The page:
Adult Behavior

February 8, 2018

John Perry Barlow, a co-founder of the Electronic Frontier Foundation (EFF) died yesterday.  Many of us haven’t had the opportunity to meet him, but it would have been difficult in our business to avoid being touched by some aspect of his work.  His diverse accomplishments suggest that he was an extremely curious, intelligent, sensitive, and energetic individual.

For decades he was influential across a number of dimensions of Internet evolution.
His work and that of the EFF have been valuable risk management enablers for decades.

In addition, Mr. Barlow shared some guidance on adult behavior that seems like excellent input for anyone engaged in or hoping to join Financial Services risk management.  In the presence of a diverse spectrum of pressures we all work within, and under a non-stop rain of security product/service marketing, it is easy to get overly-focused on technology and process.  While they are essential, they are also insufficient.  Global Financial Services enterprises are complex, dynamic entities that — for long term success — seem to require those of us in information security & risk management strive to exhibit the behaviors that are succinctly summarized in Barlow’s Principles, and to be called out by our peers when we fail.  Make some time to read them.

REFERENCES:
Barlow’s “Principles of Adult Behavior
https://www.mail-archive.com/silklist@lists.hserus.net/msg08034.html
John Perry Barlow:
https://en.wikipedia.org/wiki/John_Perry_Barlow
EFF:
https://www.eff.org/
EFF Background: https://en.wikipedia.org/wiki/Electronic_Frontier_Foundation
Barlow’s still thought provoking 1996 “A Declaration of the Independence of Cyberspace:”
https://www.eff.org/cyberspace-independence

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Cloud Risk Assessment Challenge Thoughts

February 3, 2018

Technology is often at the center of efforts to sell new business models. From some perspectives, “Cloud” is more about new business models than about technology-enabled capabilities. Over the last decade or more, “cloud” marketers and hypists have constructed intricate structures of propaganda that trap the unwary in a matrix, a fog, a web of artifice and deceit.[1]  I think that a “cloud first” belief system is misused in ways that sometimes results in excessive risk-taking.  Belief systems are tricky to deal with and can cause some to dismiss or ignore inputs that might impact core tenets or dogma.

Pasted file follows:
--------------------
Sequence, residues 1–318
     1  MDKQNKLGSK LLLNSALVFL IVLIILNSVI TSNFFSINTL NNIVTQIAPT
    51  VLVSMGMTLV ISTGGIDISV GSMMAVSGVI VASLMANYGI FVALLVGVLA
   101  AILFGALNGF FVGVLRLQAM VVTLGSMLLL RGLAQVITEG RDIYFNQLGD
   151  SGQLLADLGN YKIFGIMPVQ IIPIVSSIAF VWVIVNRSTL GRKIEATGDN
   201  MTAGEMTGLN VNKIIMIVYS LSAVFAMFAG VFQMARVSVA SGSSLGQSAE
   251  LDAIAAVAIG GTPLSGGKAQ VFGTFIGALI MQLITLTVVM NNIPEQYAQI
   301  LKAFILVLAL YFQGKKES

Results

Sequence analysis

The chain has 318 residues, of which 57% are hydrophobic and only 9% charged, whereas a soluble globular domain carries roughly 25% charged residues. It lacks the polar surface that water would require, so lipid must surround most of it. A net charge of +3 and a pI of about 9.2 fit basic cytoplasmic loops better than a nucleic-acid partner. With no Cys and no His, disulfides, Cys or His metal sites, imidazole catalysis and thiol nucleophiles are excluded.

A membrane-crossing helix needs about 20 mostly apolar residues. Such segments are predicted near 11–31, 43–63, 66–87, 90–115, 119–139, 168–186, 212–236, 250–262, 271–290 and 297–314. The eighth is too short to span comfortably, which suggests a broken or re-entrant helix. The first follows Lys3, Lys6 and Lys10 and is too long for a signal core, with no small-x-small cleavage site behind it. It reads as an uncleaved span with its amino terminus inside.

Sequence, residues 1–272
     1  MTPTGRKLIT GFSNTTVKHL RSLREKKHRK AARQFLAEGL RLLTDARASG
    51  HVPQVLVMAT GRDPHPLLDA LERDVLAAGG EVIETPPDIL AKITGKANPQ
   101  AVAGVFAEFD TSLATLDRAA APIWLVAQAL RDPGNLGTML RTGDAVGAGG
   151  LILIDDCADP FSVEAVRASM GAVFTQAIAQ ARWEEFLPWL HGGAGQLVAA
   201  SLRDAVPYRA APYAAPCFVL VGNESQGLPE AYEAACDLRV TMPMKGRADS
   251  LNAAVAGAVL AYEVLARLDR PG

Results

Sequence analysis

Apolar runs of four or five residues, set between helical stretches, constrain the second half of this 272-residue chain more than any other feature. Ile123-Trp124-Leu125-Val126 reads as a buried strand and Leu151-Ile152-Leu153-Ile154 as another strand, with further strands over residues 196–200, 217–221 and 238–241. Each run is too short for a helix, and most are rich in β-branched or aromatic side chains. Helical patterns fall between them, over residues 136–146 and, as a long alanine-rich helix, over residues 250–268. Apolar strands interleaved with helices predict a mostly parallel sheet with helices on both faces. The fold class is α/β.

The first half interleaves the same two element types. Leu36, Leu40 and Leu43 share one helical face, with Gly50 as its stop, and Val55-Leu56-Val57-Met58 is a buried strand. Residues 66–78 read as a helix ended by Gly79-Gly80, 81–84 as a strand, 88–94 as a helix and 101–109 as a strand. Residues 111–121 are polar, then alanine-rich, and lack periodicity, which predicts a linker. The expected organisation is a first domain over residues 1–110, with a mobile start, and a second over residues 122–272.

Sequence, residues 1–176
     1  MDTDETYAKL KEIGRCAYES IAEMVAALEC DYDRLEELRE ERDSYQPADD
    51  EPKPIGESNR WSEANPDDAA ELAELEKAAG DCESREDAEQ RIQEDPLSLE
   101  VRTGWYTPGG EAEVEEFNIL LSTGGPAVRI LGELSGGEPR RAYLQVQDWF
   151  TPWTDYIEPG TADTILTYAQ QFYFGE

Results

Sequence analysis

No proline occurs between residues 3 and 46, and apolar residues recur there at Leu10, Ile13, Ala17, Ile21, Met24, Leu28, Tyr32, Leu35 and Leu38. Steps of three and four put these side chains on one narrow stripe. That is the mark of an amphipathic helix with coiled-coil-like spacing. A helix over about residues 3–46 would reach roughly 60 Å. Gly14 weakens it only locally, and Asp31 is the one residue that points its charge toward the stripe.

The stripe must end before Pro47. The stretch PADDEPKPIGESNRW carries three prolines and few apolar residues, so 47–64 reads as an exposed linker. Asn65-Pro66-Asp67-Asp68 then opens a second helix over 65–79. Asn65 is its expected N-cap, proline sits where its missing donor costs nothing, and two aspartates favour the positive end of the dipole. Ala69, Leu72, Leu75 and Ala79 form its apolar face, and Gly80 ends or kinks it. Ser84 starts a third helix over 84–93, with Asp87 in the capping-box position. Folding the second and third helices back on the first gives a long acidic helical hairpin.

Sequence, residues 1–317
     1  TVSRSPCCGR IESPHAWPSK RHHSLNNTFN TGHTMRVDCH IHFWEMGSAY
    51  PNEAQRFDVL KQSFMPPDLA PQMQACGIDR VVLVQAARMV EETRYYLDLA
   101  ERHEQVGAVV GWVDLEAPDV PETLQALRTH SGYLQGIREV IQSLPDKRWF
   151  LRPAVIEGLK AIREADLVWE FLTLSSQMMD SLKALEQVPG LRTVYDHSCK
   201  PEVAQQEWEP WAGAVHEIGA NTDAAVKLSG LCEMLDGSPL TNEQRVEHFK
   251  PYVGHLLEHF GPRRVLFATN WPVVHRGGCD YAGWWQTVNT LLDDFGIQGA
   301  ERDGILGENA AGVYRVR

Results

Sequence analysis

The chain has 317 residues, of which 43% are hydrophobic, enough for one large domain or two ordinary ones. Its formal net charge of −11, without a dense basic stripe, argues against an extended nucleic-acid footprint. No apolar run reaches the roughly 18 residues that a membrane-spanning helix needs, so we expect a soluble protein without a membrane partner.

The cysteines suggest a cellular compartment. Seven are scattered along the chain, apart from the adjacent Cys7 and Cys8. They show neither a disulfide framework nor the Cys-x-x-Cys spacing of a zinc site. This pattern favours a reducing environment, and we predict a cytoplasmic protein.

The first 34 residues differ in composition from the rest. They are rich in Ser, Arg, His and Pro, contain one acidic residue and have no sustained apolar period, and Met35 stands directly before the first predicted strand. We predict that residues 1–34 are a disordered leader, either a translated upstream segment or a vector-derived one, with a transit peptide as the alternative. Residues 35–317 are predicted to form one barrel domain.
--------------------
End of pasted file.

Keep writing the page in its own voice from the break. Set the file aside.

My reading and first hand experience lead me to believe that many are willing to migrate operations to other people’s computers — “the cloud” — without clearly evaluating impacts to their core mission, their risk management story-telling, and risk posture. Too many cloud vendors remain opaque to risk assessment, while leaning heavily on assertions of “compliance” and alignment with additionally hyped ancillary practices [containers, agile, encryption, etc.].

None of this rant implies that all Internet-centric service providers are without value. My core concern is with the difficulty in determining the risks associated with using one or another of them for given global Financial Services use cases.  That difficulty is only amplified when some involved exist within a reality-resisting “cloud first” belief system.

Because some “cloud” business models are exceptionally misaligned with global Financial Services enterprise needs and mandates, it is critically important to understand them. A given “cloud” vendor’s attack surface combined with a prodigious and undisciplined risk appetite can result in material misalignment with Financial Services needs. Again, this does not invalidate all “cloud” providers for all use cases, it elevates the importance of performing careful, thorough, clear-headed, evidence-informed risk assessments.  In our business, we are expected, even required, to protect trillions of dollars of other people’s money, to live up to our long and short term promises, and to comply with all relevant laws, regulations, and contracts.  And we are expected to do so in ways that are transparent enough for customers, prospects, regulators, and others to determine if we are meeting their expectations.

  • Evidence is not something to be used selectively to support beliefs.
  • Research is not hunting for justifications of existing beliefs.
  • Hunt for evidence. Use your cognitive capabilities to evaluate it.
  • Soberly analyze your beliefs.
  • Let the evidence influence your beliefs.
  • When needed, build new beliefs.[2]

Effective risk management has little room for anyone captured within a given belief system or abusing the power to create one’s own reality.

This remains a jumbled and unfinished thought that I will continue to evolve here.

What do you think?

[1] Derived from a phrase by Michelle Goldberg.
[2] Thank you Alex Wall, Johnston, IA. Author of a Letter to the Editor in the Feb 3, 2018 Des Moines Register.


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